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Internal Market, Industry, Entrepreneurship and SMEs
News article28 January 2016Directorate-General for Internal Market, Industry, Entrepreneurship and SMEs3 min read

New European public procurement law: Enhancing eco-innovation

The new EU public procurement system, entering into force on 18 April 2016, will open up fresh opportunities for public authorities to spur eco-innovation by using new award criteria in contract notices that place more emphasis on environmental considerations.

Public authorities will be able to require that bidders not only comply with environmental obligations, but also deliver goods fulfilling the requirements of environmental labels. In addition, they can ask bidders to enhance environmental factors when producing goods or to integrate environmental costs in an offer based on a life-cycle cost approach.

By using their purchasing power to choose environmentally friendly goods, services and works, Europe’s public authorities can make an important contribution to sustainable consumption and production.

Horizontal clause to ensure the respect of environmental legislation

As a general rule, enterprises must comply with applicable EU, international and national environmental obligations in the performance of public contracts. Public authorities will be able to exclude enterprises from the tender procedure which do not respect these environmental obligations. Contract authorities will also not be mandated to choose the best tender if it does not comply with applicable environmental law, and they will have to reject abnormally low offers achieved through environmental dumping.

Defining environmental criteria for a contract with the help of ecolabels

To ensure that enterprises deliver products in line with high environmental standards, public authorities can request that the works, goods, or services fulfil the requirements of an ecolabel such as the European Ecolabel, multinational ecolabels or other environmental labels (see list of Ecolabels). These labels attest that the product fulfils predefined quality requirements based on objectively verifiable criteria that was adopted by a procedure in which government bodies, consumers, manufacturers, distributors and environmental organisations have had the possibility to participate.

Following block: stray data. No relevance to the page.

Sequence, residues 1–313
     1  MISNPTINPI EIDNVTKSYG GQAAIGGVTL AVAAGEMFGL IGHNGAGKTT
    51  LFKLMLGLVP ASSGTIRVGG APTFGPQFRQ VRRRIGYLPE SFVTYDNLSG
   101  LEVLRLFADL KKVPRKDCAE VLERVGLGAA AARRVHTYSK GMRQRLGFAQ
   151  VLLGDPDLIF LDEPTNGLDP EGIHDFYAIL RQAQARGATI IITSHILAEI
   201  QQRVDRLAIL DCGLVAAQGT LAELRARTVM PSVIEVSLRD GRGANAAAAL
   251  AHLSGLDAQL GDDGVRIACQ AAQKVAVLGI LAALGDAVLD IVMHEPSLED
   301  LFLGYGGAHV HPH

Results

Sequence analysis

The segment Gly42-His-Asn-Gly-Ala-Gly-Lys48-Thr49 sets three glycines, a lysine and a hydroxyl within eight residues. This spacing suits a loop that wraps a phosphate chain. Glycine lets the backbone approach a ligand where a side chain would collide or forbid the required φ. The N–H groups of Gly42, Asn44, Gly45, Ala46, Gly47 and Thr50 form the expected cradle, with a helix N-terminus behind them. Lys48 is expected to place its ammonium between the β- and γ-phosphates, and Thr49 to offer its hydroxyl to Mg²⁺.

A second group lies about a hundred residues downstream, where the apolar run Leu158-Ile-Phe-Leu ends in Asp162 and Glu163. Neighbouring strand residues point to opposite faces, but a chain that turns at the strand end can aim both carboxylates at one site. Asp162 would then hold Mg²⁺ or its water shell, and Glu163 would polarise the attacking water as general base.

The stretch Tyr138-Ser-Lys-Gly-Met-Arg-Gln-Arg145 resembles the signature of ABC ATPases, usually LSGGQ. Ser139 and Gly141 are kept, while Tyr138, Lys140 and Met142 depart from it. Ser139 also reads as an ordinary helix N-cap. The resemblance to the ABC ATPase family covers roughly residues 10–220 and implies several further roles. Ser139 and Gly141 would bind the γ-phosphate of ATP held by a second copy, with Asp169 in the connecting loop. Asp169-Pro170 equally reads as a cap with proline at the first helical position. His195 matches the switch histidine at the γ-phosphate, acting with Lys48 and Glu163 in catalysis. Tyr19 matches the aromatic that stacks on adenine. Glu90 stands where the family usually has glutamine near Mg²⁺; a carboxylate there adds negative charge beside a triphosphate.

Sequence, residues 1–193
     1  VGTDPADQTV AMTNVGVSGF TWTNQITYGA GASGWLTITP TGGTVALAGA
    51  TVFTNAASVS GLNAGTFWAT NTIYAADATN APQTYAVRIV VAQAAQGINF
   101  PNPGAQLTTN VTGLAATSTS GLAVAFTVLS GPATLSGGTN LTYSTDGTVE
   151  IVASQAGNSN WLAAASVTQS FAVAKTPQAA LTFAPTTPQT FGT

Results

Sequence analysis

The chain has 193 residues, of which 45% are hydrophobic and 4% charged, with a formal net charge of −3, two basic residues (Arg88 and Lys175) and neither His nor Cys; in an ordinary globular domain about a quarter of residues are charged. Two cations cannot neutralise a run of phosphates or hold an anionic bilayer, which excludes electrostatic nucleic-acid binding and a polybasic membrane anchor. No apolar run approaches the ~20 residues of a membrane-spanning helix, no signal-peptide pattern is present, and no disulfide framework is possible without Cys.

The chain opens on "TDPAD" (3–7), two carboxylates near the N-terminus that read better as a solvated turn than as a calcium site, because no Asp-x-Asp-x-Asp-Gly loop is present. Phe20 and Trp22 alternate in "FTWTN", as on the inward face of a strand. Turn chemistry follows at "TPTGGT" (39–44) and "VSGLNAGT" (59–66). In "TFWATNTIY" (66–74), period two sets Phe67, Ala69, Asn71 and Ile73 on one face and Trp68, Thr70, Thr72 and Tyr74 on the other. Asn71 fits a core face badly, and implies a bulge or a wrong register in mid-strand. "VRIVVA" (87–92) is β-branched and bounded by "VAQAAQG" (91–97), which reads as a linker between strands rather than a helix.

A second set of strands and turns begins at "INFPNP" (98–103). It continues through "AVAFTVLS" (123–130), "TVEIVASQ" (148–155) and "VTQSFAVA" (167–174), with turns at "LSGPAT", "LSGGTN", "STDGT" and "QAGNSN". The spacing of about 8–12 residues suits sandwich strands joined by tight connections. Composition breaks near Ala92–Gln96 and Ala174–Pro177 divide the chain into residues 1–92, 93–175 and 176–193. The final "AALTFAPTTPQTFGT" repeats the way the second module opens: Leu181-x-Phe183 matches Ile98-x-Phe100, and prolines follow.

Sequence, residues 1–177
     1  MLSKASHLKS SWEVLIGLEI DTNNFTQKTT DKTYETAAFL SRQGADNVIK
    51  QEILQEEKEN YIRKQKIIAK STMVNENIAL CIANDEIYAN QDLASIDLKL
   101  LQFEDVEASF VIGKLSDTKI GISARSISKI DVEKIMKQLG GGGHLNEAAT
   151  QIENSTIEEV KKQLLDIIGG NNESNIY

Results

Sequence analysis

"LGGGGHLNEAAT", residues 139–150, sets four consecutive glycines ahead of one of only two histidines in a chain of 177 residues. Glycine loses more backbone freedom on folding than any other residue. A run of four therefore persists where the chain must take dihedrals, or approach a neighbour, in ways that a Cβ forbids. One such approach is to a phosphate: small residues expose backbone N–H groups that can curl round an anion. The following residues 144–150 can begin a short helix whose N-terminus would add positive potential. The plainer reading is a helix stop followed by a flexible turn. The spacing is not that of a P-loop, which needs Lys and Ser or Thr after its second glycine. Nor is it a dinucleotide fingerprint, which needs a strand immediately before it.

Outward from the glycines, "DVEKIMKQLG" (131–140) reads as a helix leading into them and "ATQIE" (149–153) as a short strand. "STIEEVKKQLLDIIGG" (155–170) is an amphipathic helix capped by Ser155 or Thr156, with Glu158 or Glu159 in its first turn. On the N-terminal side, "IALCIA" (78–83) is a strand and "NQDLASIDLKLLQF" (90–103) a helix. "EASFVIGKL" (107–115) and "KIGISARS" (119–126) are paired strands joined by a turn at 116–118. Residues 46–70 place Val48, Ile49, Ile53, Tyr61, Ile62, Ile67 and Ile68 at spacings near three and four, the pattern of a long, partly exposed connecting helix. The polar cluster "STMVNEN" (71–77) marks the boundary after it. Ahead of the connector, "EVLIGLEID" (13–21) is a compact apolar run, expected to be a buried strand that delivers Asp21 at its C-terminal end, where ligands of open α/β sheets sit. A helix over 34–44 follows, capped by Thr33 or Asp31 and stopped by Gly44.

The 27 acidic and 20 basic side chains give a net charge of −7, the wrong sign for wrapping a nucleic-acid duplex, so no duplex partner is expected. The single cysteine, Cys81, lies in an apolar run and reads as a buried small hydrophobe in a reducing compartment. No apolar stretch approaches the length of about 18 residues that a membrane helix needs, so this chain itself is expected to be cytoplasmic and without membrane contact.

When used in tender notices, the requirements of the label must be fulfilled by the subject-matter of the contract, such as the description of the product and its presentation, including packaging requirements. References to labels should not have the effect of restricting innovation however.

Production process - Fair trade origin or no toxic chemicals

Public purchasers, when technically describing the products or services they want to purchase, will be able to ask bidders to use inputs respecting high environmental performance, such as:

  • Nonuse of toxic chemicals;
  • Use of energy efficient machines when producing/providing goods or services;
  • Favouring fair trade origin inputs for the product.

Public purchasers will also be able to award contacts to those enterprises offering products/services which meet environmental conditions in the best possible way and to assess value for money on the basis of environmental aspects (e.g. whether books were printed on recycled paper or on paper from sustainable timber).

Life-cycle costing includes internal costs and costs related to environmental factors

The new rules will allow public authorities to choose a life-cycle costing approach which allows them to take into consideration costs associated with the use, maintenance and end-of-life of supplies, services or works. This includes internal costs, as well as costs related to environmental externalities:

  • Internal costs include research and development, production, transport, consumption of energy, maintenance and end-of-life disposal.
  • Costs related to environmental externalities, such as the emission of greenhouse gases, pollution caused by the extraction of raw materials or caused by the product or its manufacturing, can be taken into account if their monetary value is determinable. If no common EU method exists for the calculation of life-cycle costs, methods can be established at national, regional or local level. However, these methods should not be designed only for a single specific public procurement procedure, they should be objective, and it should be possible for enterprises to provide the data required through reasonable effort.

Common methodologies should be developed at EU level for the calculation of life-cycle costs for specific categories of supplies or services. Where such common methodologies are developed and are mandatory, their use should be made compulsory in contract notices.


Research and innovation, including eco-innovation and social innovation, are among the main drivers of future growth and have been put at the centre of European Commission President Jean-Claude Juncker’s priorities to bring about the transition to a low-carbon, secure and competitive economy. Buying innovative products, works and services plays a key role in improving the efficiency and quality of public services while addressing major societal challenges. It contributes to achieving best value for public money, as well as wider economic, environmental and societal benefits by generating new ideas, translating them into innovative products and services, and promoting sustainable economic growth.

Find out more on public procurement reform: Slashing administrative burden, improving access for SMEs, preventing corruption and allowing for social and environmental considerations